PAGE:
Australia’s first computer weighed two tonnes, filled a large room and had a tiny fraction of the capacity of today’s typical smartphone. But why would such a machine continue to be relevant today?
Originally designed and built by the Council for Scientific and Industrial Research (now known as CSIRO) in Sydney as the CSIR Mk1 in 1947-50, it was one of the very first computers to be completed and is the oldest computer that is still substantially intact.
It was relocated to the University of Melbourne in 1955 and relaunched as CSIRAC (pronounced sigh-rack) on June 14, 1956 (just a few months before Sydney’s SILLIAC, which was launched in September 1956), and operated until 1964. It is now a permanent exhibit at Museum Victoria.
The core design of CSIRAC is still the basis of computers today. It consists of a processor that executes instructions and storage used for both data and sequences of instructions – that is, programs.
Huge in size, it was tiny in terms of computational capacity. Think of a smartphone as a “unit” (call it a “smart phone unit”, or SPU) of processing size then CSIRAC’s capacity was roughly a millionth of that – a microSPU.
Over its 14 years or so of operating life it did about the work that a smartphone today could do in a minute. Its storage was sufficient for rather less than one second of an MP3 music file.
But in terms of power, weight and size, it was 10,000 times larger, or, overall, ten billion times less efficient than today’s processors.
Scaling up CSIRAC’s memory to that of a smartphone would fill the Melbourne Cricket Ground to the brim, and running it would consume all the power generated in Australia.
More than a calculating machine
If CSIRAC was so feeble, in SPUs, what set it (and its peers) apart from the calculating machines that preceded it?
Many of the tasks it was put to were calculations more or less of the kind that had been done for decades by generations of dedicated calculating machines, both mechanical and electronic.
One might expect the difference to lie in the instructions the machine can execute. A first glance at CSIRAC’s instruction set could suggest that it was indeed just a kind of calculator; many of the operations are elementary arithmetic.
Other instructions concerned reading and writing of data to and from storage, and specifications for where in memory to find the next instruction to execute. Perhaps these could be seen as just feeding numbers to a calculating engine.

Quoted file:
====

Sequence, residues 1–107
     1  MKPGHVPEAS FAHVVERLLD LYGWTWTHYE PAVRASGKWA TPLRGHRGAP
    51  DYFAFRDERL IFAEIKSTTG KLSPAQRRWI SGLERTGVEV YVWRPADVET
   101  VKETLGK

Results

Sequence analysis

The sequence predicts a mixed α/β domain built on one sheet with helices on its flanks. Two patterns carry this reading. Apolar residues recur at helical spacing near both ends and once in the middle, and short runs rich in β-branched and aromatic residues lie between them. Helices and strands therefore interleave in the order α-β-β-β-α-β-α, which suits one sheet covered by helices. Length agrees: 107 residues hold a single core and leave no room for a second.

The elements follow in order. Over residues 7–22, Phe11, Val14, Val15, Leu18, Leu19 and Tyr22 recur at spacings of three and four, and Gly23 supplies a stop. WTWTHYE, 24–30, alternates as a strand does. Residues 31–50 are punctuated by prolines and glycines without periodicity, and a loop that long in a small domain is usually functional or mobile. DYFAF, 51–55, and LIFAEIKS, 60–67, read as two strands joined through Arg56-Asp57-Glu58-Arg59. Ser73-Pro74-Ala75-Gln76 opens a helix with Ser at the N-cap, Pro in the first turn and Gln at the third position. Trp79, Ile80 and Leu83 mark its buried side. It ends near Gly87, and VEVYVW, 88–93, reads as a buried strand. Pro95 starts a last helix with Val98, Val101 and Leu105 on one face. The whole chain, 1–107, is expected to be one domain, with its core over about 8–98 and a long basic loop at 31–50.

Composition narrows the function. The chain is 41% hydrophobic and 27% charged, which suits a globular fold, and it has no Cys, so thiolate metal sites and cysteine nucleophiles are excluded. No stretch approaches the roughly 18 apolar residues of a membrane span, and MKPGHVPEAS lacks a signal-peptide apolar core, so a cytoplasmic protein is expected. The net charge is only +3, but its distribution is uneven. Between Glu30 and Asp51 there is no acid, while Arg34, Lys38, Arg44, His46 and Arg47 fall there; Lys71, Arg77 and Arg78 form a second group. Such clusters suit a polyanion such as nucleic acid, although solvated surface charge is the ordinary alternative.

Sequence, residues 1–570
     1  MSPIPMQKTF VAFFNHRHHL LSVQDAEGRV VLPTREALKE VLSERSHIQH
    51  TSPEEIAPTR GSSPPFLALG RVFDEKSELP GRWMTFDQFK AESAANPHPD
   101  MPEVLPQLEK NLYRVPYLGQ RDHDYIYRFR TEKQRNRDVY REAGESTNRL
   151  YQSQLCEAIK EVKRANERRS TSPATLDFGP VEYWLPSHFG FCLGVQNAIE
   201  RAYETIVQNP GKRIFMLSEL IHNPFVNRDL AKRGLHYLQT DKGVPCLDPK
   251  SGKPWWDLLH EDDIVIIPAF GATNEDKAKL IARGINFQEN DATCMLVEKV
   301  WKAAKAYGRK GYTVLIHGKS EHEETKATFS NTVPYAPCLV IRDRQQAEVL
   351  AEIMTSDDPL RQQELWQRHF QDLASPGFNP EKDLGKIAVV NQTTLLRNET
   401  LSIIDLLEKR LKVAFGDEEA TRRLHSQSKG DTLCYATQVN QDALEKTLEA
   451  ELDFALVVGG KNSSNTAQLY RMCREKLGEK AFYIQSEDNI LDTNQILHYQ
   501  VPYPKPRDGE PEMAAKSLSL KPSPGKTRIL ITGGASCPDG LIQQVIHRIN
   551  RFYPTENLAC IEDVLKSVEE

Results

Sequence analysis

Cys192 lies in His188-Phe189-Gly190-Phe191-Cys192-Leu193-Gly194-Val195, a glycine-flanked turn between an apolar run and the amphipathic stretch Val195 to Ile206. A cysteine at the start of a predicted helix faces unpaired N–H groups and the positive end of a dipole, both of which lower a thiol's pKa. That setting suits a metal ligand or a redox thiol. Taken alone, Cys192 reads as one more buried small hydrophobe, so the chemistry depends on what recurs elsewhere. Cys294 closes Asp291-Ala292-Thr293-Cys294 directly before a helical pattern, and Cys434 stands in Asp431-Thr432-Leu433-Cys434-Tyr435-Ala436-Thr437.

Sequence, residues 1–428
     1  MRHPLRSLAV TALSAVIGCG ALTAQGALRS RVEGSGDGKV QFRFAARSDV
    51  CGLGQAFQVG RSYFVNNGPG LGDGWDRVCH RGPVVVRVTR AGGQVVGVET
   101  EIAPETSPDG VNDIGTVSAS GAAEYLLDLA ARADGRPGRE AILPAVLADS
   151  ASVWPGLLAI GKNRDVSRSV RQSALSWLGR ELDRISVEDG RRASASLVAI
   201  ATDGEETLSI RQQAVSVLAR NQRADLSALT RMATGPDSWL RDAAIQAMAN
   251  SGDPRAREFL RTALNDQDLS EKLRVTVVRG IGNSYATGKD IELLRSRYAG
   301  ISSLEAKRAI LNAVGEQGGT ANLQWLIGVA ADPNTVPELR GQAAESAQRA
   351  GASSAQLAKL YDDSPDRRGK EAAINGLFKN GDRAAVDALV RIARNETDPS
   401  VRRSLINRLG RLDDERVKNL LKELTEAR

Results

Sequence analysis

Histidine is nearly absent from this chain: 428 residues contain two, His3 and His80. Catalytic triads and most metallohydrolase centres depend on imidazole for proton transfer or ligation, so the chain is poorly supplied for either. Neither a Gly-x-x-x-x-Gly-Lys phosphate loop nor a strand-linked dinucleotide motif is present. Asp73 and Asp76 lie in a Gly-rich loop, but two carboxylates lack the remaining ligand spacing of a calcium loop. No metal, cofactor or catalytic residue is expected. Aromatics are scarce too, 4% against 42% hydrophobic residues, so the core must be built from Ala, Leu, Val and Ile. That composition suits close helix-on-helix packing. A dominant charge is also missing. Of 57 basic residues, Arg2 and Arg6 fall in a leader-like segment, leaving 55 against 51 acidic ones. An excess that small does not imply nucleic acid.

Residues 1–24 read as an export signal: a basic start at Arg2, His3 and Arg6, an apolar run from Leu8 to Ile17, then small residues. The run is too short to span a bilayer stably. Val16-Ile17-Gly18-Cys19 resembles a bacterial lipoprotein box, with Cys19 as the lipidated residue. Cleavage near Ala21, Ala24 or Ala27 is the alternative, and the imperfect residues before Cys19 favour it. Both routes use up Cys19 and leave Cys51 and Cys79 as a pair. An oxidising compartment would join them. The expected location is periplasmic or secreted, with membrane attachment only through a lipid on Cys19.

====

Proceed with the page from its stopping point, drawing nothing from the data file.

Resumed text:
But these machines embodied something utterly revolutionary: the fact that instruction sequences were stored in memory, in contrast to the fixed, pre-determined structure of their predecessors.
A computer without an instruction sequence is no more than a box of components – useless and meaningless until assembled (that is, programmed).
This meant that for the first time a new machine no longer required physical construction; it could be created just by altering the instruction sequence (that is, installing a new program).
And the instruction sequences were themselves data – programs could manipulate programs.
Instructing the machine
This fluidity leads to a property that is truly profound. The CSIRAC instruction set is simple and minimalistic, even primitive. But, critically, it is in a fundamental sense complete.
Just as multiplication can be defined in terms of a sequence of additions, the small CSIRAC instruction set can be used to define any more sophisticated instruction.
In terms of the computations it can undertake, the universes it can represent, the models it can build, the CSIRAC instruction set is as powerful as that of a smartphone or of a supercomputer which today might be a million SPUs (or a trillion CSIRACs).
Thus even this very first generation of computers was universal.
They were a new kind of thing not seen in the world before, a device whose function could be changed to do anything that could be written down, just by changing what sequences of instructions were entered; and that “anything” could be translated to run on any computer.
Many of the innovations trialled on these early, miniscule computers are as valuable today as when they were first invented.
And for some context, take a look at the computer in the 1970 movie Colossus: The Forbin Project.
In the movie, the US computer Colossus and its USSR counterpart become self-aware. As a guess, from the look of the hardware, even though Colossus fills a mountain it may be no more than an SPU.
Skynet, in The Terminator movie series, may have had less processing power than is in the pockets of a cinema full of teenagers today – demonstrating that the potential of computers could be seen long before they were large enough for this potential to be realised.
Our computers today are in fundamental ways no more powerful than their predecessors – just faster, smaller and more deeply embedded in our lives.